Analysis: HUD plan would raise rents for poor by 20%
Housing Secretary Ben Carson says his latest proposal to raise rents would mean a path toward self-sufficiency for millions of low-income households across the United States by pushing more people to find work. For Ebony Morris and her four small children, it could mean homelessness.
Morris lives in Charleston, S.C., where most households receiving federal housing assistance would see their rent go up an average 26 percent, according to an analysis done by Center on Budget and Policy Priorities and provided exclusively to The Associated Press. But her increase would be nearly double that.
Overall, the analysis shows that in the nation’s 100 largest metropolitan areas, low-income tenants – many of whom have jobs – would have to pay roughly 20 percent more each year for rent under the plan. That rent increase is about six times greater than the growth in average hourly earnings, putting the poorest workers at an increased risk of homelessness because wages simply haven’t kept pace with housing expenses.
“I saw public housing as an option to get on my feet, to pay 30 percent of my income and get myself out of debt and eventually become a homeowner,” said Morris, whose monthly rent would jump from $403 to $600. “But this would put us in a homeless state.”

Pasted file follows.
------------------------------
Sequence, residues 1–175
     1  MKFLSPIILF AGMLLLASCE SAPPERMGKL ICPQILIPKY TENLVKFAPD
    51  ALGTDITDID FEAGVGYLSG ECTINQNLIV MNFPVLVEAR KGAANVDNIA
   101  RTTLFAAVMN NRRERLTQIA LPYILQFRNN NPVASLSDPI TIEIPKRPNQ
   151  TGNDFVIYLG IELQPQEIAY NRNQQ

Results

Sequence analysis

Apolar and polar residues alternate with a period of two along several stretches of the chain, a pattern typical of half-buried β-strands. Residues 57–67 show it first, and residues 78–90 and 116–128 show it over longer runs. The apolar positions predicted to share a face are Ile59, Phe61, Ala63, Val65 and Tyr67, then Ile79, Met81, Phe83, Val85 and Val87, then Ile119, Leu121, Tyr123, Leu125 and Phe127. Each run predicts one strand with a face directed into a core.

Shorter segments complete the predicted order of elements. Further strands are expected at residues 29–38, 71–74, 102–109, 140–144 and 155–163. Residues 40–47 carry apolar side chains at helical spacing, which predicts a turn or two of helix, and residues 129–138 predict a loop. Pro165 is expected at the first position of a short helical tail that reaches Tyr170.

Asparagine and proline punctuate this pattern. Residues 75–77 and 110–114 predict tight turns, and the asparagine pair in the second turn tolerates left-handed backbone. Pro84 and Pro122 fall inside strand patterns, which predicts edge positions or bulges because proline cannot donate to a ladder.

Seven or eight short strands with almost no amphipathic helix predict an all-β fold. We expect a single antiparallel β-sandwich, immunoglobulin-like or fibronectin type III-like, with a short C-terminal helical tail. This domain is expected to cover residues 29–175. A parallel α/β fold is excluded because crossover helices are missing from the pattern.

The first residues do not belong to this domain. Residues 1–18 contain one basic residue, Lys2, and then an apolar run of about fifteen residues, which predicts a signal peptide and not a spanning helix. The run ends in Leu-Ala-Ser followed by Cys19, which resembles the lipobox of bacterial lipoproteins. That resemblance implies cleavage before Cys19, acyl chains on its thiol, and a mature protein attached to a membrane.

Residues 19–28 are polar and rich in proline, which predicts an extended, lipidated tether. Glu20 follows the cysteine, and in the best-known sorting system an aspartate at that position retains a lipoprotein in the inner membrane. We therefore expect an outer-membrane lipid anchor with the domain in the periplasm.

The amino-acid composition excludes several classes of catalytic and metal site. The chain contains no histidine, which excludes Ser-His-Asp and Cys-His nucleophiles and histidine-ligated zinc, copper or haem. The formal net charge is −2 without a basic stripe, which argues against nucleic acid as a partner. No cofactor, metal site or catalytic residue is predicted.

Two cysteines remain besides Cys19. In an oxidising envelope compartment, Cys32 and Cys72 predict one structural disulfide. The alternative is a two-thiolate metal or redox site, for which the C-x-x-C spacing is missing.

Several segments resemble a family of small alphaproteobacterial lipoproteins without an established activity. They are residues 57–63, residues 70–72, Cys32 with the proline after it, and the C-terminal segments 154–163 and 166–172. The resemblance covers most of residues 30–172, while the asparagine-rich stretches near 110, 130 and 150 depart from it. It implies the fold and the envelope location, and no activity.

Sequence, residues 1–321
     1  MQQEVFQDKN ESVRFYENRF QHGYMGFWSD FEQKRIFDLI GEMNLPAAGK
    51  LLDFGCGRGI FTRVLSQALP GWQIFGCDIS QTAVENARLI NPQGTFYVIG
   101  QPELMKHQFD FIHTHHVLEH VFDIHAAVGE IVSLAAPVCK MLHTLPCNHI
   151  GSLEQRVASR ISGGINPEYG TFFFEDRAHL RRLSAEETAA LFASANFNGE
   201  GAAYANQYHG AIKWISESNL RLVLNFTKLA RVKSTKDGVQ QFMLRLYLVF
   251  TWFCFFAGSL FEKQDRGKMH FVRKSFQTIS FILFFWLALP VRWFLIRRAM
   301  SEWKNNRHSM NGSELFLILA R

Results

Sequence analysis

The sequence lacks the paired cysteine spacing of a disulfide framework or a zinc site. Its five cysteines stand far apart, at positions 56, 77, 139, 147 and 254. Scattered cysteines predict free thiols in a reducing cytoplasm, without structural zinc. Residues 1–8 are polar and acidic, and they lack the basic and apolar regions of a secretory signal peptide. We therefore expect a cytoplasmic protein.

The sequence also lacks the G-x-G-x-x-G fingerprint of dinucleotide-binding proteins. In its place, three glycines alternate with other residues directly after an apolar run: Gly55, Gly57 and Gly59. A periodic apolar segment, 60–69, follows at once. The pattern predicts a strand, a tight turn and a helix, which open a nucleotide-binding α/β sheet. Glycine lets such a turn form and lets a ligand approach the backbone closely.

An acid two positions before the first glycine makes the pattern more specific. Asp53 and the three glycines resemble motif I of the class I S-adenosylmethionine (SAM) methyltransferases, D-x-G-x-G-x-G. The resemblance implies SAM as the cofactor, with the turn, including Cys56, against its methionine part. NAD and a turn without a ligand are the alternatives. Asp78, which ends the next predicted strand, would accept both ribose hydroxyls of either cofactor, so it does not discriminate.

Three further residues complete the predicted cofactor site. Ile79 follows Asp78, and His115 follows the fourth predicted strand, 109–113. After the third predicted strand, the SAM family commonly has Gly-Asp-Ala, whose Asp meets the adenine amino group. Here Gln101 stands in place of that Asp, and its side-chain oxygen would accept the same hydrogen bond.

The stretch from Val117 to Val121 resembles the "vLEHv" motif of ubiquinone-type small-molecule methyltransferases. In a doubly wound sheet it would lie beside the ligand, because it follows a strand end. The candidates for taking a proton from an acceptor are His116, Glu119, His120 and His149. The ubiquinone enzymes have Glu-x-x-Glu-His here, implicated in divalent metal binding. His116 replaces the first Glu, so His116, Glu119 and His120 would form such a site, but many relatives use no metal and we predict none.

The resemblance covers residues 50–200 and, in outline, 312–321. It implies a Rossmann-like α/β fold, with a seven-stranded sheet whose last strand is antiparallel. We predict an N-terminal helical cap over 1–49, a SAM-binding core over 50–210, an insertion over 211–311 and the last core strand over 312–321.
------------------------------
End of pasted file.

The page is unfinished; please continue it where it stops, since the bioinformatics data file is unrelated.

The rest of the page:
Roughly 4 million low-income households receiving HUD assistance would be affected by the proposal. HUD estimates that about 2 million would be affected immediately, while the other 2 million would see rent increases phased in after six years.
The proposal, which needs congressional approval, is the latest attempt by the Trump administration to scale back the social safety net, under the belief that charging more for rent will prompt those receiving federal assistance to enter the workforce and earn more income. “It’s our attempt to give poor people a way out of poverty,” Carson said in a recent interview with Fox News.
At an event in Detroit on Thursday, Carson said the proposal is the result of budget constraints. He said the plan could change based on funding for the agency, adding that HUD has already begun working with Congress.
“The reason that we had to even consider rent increases is because we’re working with a specific budget,” Carson said. “And in order not to have to raise rents on the elderly and the disabled or to displace people who are already in programs, that was the only option.
“The original rent increases were to make sure we didn’t have to raise rents on elderly and disabled people,” Carson said. “Now we have some increased funding. We’re not going to” have to, he said.
The analysis shows that families would be disproportionately impacted. Of the 8.3 million people affected by the proposal, more than 3 million are children.